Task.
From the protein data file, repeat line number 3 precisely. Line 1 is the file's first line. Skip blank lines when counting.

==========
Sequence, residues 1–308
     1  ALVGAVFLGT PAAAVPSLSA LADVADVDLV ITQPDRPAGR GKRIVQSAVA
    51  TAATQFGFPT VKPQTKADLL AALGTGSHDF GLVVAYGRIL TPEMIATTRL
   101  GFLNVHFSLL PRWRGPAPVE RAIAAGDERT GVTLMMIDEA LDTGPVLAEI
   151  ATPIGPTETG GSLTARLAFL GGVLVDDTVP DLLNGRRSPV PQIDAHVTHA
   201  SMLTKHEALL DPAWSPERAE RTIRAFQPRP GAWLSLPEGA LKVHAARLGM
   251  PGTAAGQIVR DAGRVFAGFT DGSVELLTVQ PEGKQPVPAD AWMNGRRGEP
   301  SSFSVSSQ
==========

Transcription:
    51  TAATQFGFPT VKPQTKADLL AALGTGSHDF GLVVAYGRIL TPEMIATTRL